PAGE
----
Re-Imaging Our Personal Identity

A friend of mine once quipped that when we tell people we are ‘fine,’ we are really saying in code that we are Freaked Out, Insecure, Neurotic, and Emotional (F. I. N. E.). I think he has a point, as ‘fine’ is so often used to cover up deep-seated insecurities and hurt.

Sad as it may be, this is the human condition. We are masters of making fig-leaf coverings. We have lost our original covering of righteousness, and deep down we all know that something is not quite right.

On biblical terms: We are made to bear the image of God’s glory, but in our sin we have fallen short. Therefore, we need restoration to be who God made us to be. In other words, we need to be remade in the image of God. Praise be to God that this is what the gospel of Jesus Christ accomplishes. Consider just a few verses.

1 Corinthians 11:7. For a man ought not to cover his head, since he is the image and glory of God, but woman is the glory of man.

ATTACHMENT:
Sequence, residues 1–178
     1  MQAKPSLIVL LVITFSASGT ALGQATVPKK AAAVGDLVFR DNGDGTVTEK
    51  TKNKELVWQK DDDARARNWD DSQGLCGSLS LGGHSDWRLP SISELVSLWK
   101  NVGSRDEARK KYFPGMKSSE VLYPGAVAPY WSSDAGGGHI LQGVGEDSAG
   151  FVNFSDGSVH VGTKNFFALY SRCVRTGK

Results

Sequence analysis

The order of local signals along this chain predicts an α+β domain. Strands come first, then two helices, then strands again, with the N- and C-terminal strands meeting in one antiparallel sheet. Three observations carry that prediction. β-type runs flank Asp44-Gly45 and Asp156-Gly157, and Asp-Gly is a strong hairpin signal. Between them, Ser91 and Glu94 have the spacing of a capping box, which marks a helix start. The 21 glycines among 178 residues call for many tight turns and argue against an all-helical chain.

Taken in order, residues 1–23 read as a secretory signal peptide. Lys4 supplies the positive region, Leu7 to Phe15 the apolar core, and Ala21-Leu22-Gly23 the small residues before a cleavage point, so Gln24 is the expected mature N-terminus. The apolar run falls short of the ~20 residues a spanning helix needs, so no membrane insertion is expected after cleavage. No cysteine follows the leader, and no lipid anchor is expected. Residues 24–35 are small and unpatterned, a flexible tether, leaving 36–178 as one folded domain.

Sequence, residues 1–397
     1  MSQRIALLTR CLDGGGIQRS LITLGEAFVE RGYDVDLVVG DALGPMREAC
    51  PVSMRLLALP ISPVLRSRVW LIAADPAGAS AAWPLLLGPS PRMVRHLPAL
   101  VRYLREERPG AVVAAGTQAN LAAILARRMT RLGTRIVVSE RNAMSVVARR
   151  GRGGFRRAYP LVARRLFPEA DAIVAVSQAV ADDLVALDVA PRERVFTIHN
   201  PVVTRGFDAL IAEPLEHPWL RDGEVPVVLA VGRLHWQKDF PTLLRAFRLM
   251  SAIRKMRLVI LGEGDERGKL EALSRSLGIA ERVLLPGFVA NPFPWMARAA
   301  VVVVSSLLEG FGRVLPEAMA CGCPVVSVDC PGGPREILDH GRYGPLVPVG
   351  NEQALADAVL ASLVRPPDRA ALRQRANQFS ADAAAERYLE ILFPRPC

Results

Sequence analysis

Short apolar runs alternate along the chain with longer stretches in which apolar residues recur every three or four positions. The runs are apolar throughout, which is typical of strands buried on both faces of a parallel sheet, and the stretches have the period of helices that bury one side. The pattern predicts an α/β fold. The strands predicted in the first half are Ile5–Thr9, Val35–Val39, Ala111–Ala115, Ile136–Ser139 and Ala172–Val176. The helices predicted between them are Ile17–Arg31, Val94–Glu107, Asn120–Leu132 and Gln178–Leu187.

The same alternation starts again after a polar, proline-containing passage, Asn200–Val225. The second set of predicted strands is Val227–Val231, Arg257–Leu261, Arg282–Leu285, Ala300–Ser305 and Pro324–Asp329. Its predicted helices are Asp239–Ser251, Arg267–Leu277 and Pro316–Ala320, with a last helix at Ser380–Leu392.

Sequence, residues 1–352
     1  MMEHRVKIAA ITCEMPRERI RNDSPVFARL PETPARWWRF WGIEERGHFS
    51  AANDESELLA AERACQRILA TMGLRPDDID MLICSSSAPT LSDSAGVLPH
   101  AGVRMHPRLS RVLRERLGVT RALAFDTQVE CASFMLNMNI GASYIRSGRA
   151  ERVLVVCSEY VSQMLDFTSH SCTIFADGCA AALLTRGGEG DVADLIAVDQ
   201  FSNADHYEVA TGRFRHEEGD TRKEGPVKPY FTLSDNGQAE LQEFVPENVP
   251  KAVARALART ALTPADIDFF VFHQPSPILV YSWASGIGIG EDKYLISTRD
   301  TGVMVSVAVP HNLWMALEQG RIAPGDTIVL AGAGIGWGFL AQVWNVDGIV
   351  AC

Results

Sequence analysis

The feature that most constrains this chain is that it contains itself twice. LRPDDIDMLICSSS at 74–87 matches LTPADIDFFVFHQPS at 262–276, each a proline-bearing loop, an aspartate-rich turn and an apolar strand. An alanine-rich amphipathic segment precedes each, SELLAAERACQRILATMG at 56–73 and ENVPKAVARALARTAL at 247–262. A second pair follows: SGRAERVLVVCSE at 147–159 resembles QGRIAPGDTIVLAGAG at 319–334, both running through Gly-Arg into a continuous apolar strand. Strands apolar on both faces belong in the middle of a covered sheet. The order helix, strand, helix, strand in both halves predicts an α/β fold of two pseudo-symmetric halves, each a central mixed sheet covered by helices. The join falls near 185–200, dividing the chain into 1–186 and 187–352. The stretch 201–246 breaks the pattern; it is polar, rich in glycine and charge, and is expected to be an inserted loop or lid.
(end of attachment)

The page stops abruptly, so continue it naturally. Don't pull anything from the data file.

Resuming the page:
Romans 8:29. For those whom he foreknew he also predestined to be conformed to the image of his Son, in order that he might be the firstborn among many brothers.

1 Corinthians 15:49. Just as we have borne the image of the man of dust, we shall also bear the image of the man of heaven.

Colossians 1:15. He is the image of the invisible God, the firstborn of all creation.

Colossians 3:9-10. Do not lie to one another, seeing that you have put off the old self with its practices and have put on the new self, which is being renewed in knowledge after the image of its creator.

In 1 Corinthians 11, we see that man is made in God’s image. By extension, woman is too. This is God’s design. Because of sin, we fell short of this calling, but in God’s eternal decrees, he predestined a people to be conformed into his image. This is the goal of salvation—our new creation into the image of God. 1 Corinthians 15 speaks of this eschatological reality; we will one day be resurrected and become just like the man of heaven. Until that day, we must each day put off the old self and put on the new self, such that we are being renewed to be like God himself. In other words, Colossians 3 says that through gospel knowledge we are being renewed.  Or to say it differently, by beholding in love the true image of God (Col 1:15), we are becoming like him. As we let go of our old patterns of life and adopt his life, we become like him.